Mysterious, double-crossing, gorgeous, unloving, unreliable, manipulative are all adjectives that are used to describe the femme fatales in classic film noir. She is often the main incentive for the protagonist in film noir to commit crimes and cause him to make an ambitious choice that would eventually lead to his downfall and unpleasant fate (Dirks). Despite the characteristics that conventional femme fatale should possess, Phyllis in Double Indemnity directed by Billy Walder, Pat in Raw Deal directed by Anthony Mann, and Cora in The Postman Always Rings Twice directed by Tay Garnett are examples of femme fatale that are unlike the traditional female roles in the films. Although some of them possess the majority of her traits, the contrast and irony are also apparent in the females in classic film noir.
Double Indemnity is one of the film noir masterpieces that follows and has the majority of film noir characteristics. The film portrays a sense of melancholy, pessimism, moral corruption, evil, and guilt with advance filming techniques at its time such as low-key lightings, skewed camera angles, deep shadows, and settings at empty streets or gloomy interior to suggest the tone of the movie (Spicer127).
The females and especially Phyllis, the femme fatale in Double Indemnity also has an important role on the well respected reputation of the film. Phyllis is one of the most if not the most standard characteristics of femme fatale among all the film noir movies. She is a gorgeous looking woman with blonde hair and a seductive curvy body but an evil and immoral character who would do anything for money (Wadler). Her first encounter with the anti-hero of the film, Walter, displayed her beauty and her ability to attract Walter with her appearance and seductiveness. The camera focused on her legs as she came down from the stairs wearing gold ankle strap heels. Walter watches her with eyes of desires and longing as she buttons up her dress and puts on her lipstick (Walder) Viewers can tell that Walter is instantly attracted to her as she was walking down. She then starts her plans to receive the insurance money and the double indemnity by deceiving Walter. She tricks Walter into believing that she needs his help to kill his husband so she can be with Walter. She manipulats him by telling him about her failing marriage and unhappiness which eventually led Walter to help her kill her husband, Mr. Dietrichson. Another scene that shows Phyllis' extreme ability to manipulate is when she plays the victim in a meeting with Keyes. Her facial expression and body language was able to convince the viewers that she is the victim of her husband's murder (Dirks). The final scene of Phyllis and Walter together in Phyllis' apartment shows her true intentions for money and evil. She admits to how "rotten" she is, she said "I never loved you, Walter, not you or anybody else. I'm rotten to the heart. I used you as you said. That's all you ever meant to me."(Dirks) Phyllis displayed the traditional traits femme fatales have up until this point. She is gorgeous, seductive, deceitful, manipulative, ineffective by emotions, and corrupted.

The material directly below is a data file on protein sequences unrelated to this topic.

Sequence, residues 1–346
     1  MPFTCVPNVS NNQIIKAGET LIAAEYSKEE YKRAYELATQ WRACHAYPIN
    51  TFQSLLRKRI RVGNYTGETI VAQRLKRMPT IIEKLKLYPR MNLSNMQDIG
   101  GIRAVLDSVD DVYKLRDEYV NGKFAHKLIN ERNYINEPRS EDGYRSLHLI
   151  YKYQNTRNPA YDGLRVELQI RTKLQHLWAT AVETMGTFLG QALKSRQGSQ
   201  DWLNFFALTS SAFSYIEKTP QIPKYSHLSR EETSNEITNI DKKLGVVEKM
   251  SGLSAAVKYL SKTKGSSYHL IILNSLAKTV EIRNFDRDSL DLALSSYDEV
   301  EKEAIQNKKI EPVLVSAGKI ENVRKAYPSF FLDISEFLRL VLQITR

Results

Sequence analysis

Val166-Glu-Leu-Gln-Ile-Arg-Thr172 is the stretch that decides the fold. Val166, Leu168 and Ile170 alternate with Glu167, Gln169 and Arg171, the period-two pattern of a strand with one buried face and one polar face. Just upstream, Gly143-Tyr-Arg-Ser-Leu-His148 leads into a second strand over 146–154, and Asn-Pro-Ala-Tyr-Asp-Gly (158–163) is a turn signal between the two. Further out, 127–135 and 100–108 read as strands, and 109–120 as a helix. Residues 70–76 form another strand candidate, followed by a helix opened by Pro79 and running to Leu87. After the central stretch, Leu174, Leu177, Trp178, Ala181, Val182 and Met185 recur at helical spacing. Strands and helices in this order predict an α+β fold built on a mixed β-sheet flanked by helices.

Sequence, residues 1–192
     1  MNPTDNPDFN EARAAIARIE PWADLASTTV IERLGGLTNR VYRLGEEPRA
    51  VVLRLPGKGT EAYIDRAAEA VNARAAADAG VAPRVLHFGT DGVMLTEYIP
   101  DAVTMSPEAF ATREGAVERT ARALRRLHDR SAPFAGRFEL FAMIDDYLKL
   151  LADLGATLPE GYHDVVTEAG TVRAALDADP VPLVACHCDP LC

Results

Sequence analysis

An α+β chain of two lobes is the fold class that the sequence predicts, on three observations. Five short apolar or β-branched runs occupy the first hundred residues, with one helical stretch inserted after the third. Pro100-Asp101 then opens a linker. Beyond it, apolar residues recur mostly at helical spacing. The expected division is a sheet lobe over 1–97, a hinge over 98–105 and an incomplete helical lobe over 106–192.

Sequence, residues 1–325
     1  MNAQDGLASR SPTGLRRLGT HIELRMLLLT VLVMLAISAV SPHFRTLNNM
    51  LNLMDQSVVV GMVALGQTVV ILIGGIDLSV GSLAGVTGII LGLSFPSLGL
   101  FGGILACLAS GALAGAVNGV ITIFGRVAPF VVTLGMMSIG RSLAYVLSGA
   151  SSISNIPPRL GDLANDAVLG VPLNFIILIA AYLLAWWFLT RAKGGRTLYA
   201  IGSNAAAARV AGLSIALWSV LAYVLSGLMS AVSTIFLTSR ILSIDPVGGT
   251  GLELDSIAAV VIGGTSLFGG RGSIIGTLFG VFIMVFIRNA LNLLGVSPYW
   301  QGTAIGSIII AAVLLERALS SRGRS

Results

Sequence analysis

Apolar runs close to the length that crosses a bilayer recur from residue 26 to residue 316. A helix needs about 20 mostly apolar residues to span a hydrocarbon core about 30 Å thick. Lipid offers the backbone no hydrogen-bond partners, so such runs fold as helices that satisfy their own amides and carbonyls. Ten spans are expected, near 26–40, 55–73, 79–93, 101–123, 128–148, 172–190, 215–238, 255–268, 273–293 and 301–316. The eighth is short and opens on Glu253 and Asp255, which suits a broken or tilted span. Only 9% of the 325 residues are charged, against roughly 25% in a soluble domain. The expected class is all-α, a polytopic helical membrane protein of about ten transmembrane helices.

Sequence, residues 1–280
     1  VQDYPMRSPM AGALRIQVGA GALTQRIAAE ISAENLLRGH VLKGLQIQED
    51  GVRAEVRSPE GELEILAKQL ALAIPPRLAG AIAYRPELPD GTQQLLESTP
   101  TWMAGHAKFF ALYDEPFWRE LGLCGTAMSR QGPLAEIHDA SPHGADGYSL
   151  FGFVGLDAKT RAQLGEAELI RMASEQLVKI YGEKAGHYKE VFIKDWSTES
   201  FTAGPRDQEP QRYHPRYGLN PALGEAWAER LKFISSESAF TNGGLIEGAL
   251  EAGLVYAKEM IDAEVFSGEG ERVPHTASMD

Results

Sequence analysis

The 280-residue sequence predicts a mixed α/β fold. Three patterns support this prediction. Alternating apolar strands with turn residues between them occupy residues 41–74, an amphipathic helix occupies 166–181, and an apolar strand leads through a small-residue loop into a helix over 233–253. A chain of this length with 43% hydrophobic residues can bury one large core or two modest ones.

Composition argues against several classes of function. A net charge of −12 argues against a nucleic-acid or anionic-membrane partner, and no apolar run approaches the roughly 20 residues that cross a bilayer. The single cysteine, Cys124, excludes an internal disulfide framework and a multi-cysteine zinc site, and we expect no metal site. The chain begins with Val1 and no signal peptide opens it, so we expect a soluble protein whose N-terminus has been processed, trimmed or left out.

Despite the many convention femme fatale roles that are present in Double Indemnity, Phyllis shows a different side of her that is not the typical femme fatale character. After attempting to kill Walter by shooting him once at the end of the movie, she was not able to fire the second shot. Phyllis shows her weakness and emotional side when she said "That's all you ever meant to me. Until a minute ago when I couldn't fire that second shot. I never thought that could ever happen to me.", "I'm not asking you to buy. Just hold me close."(Dirks) She is showing the traditional corrupted and heartless femme fatale until the very end. Phyllis defies this model at the end of the movie by showing her emotions and weakness which makes people wonder if she is as evil as she was meant to be.
Raw Deal is a unique film...
Bibliography: Dirks, Tim. "Double Indemnity". 1996-2005 © by Tim Dirks
Dirks, Tim. "Film Noir". 1996-2005 © by Tim Dirks.
Dirks, Tim "The Postman Always Rings Twice (1946)" 1996-2005 Tim Dirks c.
The Postman Always Rings Twice. Dir. Tay Garnett. Perf. Lana Turner, John Garfield.
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